The Svay Rieng Provincial Court yesterday charged and detained a man who had attempted to bury his newborn daughter alive on Wednesday, police said.
The man, 29-year-old Kung Sokthy, was charged with aggravated attempted murder, which carries a prison sentence of at least 15 years, according to chief provincial prosecutor Hing Bunchea.
“A deputy prosecutor charged him with attempted murder with aggravating circumstances,” Mr. Bunchea said. “This was a cruel criminal act.”
Mr. Sokthy, a high-school teacher from Prey Veng province, is accused of burying the baby the same day she was born in Svay Rieng City because she had a cleft lip.
Prak Chut, deputy city police chief, said police believe the father worked together with two accomplices—his older sister and a tuk-tuk driver—to bury the girl on the grounds of a local pagoda. They are working on issuing arrest warrants for the pair, who are still at large.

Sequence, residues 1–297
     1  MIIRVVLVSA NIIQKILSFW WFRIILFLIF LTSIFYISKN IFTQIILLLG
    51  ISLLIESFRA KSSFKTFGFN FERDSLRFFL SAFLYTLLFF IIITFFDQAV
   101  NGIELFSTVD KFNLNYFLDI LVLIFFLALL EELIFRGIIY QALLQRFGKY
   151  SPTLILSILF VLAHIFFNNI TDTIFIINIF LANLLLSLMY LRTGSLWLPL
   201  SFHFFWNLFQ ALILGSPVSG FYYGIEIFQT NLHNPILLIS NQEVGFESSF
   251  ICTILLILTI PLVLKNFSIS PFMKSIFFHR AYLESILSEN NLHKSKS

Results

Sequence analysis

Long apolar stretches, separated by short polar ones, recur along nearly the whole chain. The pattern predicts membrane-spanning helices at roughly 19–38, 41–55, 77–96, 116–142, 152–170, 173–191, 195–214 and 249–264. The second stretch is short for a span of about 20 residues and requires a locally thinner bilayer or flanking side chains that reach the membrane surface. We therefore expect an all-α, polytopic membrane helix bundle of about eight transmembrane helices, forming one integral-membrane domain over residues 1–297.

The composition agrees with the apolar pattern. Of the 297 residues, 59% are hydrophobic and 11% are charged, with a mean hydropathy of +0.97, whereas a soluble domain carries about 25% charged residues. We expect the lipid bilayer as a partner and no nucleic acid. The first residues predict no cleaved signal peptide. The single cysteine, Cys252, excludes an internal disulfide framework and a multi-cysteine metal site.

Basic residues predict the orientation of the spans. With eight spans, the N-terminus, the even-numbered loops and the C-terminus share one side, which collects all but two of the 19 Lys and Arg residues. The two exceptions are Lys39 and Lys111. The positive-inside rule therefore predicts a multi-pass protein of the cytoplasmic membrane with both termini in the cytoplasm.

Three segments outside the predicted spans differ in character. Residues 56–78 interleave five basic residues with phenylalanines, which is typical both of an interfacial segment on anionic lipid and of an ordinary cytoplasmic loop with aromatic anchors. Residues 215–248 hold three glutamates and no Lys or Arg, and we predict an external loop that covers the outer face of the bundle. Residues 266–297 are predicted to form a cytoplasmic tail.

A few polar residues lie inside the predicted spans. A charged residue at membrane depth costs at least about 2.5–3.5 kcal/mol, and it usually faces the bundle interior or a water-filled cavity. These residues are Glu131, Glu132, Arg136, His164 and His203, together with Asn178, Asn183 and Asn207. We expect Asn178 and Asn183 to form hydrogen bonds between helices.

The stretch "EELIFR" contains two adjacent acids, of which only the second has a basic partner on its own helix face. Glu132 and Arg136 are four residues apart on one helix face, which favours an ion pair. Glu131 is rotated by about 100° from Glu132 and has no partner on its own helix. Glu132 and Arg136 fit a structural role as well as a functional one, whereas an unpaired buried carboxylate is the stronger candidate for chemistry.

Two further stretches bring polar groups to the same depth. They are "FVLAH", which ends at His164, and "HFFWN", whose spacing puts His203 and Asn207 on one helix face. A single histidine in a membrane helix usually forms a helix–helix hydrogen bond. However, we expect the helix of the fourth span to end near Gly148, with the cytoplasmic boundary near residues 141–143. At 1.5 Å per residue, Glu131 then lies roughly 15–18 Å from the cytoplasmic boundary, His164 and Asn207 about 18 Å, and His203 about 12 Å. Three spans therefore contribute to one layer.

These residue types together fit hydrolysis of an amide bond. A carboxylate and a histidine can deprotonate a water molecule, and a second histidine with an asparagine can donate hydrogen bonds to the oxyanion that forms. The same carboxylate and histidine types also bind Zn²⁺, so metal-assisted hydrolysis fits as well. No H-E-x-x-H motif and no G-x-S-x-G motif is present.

“This is the first case in which a father has been so cruel as to bury a live baby because he didn’t like the girl’s cleft lip,” Mr. Chut added.
The father reportedly hired the tuk-tuk driver to bury the girl, according to Kheut Phally, provincial coordinator for rights group Adhoc, who has been investigating the case.
“A boy at the pagoda who witnessed the crime reported that the father was on a tuk-tuk while the tuk-tuk driver grabbed a hoe from the pagoda boy, then dug a hole to bury the baby,” she said.
The newborn was entirely wrapped up in blankets and scarves and didn’t make any sound as the tuk-tuk driver placed her in the ground, she said.
After the father and the tuk-tuk driver left the scene, boys uncovered the still-living baby girl and alerted monks, who gave the baby a bath and called police.
“This is totally an intentional killing, and it is lucky that the newborn survived and is still alive,” Ms. Phally said.